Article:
Manchester Orchestra and The Front Bottoms are two groups many followed growing up. Few, however, thought their styles would match enough to collaborate. Both bands have been around for quite some time, though their recent work has been catching the ears of new fans. These groups have evolved through their recent performances and created a whole new creative outlook, all while sticking to their roots.
Many felt pleasant vibes all around as the front row of The Sylvee became jammed with dedicated fans eager to hear what these groups prepared for them. The Front Bottoms drew a younger crowd, and their fans got fired up when the lights dimmed before their set. The floor was sent into a frenzy when the first chord was played, and this energy did not dwindle at all for the next hour.
Lead vocalist Brian Sella brought an authentic, unique sound which enhanced the emotion woven through every song. The Front Bottoms are known for their wacky stage setups, but having a full bar on stage was definitely not expected. The crew and other accompanying musicians sipped their craft beer while admiring the band from what were arguably the best seats in the house.
The Front Bottoms’ music has a nostalgic feeling, while carrying the ability to transport listeners to a specific moment in time. The group proved they can do it all — from inducing a sing-along with the crowd during “Au Revoir (Adios)” to sparking a dance party with their most popular track “Twin Size Mattress.”
Manchester Orchestra did not fail to disappoint those who stayed for their set. They opened with bright strobes and red tones, followed by powerful chords that immediately drowned out the applause from the crowd. The entire space quickly filled with the authentic sound these musicians have been building upon. “Shake It Out” stood out from the night, especially when Andy Hull and Robert McDowell shared many moments dueling on their guitars. The light show paired well with the group’s compelling rock aesthetic that kept the audience intrigued all night.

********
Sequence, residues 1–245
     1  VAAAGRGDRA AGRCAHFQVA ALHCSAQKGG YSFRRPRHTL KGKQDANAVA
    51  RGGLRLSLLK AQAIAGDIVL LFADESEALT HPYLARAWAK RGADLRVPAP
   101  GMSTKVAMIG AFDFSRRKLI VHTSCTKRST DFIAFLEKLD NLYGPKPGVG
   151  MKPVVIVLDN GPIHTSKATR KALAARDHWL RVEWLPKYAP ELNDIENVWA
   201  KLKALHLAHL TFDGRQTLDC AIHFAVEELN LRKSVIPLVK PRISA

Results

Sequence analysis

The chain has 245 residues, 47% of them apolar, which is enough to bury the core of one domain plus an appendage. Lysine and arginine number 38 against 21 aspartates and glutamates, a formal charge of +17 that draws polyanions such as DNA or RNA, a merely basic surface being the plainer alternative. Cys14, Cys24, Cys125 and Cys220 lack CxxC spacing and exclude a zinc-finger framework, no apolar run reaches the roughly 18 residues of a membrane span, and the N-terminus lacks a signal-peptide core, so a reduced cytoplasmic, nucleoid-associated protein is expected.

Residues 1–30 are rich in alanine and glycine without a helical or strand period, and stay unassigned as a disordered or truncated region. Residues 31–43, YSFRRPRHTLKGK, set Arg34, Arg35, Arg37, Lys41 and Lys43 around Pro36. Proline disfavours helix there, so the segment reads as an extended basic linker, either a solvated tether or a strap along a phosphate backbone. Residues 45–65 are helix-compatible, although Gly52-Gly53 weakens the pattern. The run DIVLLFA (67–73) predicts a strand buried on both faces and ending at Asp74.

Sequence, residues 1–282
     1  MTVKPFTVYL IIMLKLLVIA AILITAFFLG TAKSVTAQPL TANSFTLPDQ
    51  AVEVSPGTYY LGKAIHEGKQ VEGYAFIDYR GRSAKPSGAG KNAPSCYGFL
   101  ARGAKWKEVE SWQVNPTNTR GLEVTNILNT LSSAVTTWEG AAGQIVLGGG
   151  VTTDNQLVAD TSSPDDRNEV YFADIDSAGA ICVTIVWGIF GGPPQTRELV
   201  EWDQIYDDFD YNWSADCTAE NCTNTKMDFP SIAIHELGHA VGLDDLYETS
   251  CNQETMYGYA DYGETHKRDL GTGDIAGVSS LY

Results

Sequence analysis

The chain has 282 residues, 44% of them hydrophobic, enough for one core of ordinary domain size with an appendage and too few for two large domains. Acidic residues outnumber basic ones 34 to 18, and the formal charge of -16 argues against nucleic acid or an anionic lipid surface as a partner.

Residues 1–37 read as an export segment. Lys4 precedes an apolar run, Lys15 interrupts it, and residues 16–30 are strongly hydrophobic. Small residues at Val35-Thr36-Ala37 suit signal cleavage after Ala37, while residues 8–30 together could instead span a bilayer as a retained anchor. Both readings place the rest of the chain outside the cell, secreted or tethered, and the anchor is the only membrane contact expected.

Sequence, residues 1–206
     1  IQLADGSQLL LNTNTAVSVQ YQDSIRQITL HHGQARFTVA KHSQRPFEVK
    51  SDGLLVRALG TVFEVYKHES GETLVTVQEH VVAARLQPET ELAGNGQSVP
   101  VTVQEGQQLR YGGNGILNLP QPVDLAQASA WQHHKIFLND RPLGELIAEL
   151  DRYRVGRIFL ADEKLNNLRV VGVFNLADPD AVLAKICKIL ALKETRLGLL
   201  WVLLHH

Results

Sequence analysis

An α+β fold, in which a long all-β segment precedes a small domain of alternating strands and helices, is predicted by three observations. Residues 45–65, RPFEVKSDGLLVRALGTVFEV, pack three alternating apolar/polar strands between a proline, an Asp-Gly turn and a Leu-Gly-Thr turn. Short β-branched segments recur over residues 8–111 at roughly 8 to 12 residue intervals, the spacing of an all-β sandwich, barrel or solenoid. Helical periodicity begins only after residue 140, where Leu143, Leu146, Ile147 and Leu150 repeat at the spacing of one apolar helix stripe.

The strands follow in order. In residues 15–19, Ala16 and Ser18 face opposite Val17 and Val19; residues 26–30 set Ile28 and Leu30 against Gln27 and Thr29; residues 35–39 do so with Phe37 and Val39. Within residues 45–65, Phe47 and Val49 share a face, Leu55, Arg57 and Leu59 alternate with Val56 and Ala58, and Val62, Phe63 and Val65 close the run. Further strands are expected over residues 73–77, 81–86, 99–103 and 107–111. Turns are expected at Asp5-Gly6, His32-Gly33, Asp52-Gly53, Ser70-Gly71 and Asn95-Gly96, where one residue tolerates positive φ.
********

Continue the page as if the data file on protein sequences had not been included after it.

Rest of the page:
Hull was in good spirits and enjoyed joking around with the crowd, even convincing some audience members he was a Wisconsin native. Hull played part of “Architect” in honor of Scott Hutchison, with a beautiful transition into their own “I Can Feel a Hot One.”
The pairing made for a night filled with talent. Even though both groups brought some melancholy sounds, the futuristic rock wave came alive through the crowd’s energy and connection with every musician on stage. Even thought it was a Wednesday night show, fans were engaged throughout the entire performance and shared their love for the artistry presented.
The performance set the bar high for The Front Bottoms and Manchester Orchestra, who will continue to expand their musical horizons on the rest of their tour into the new year.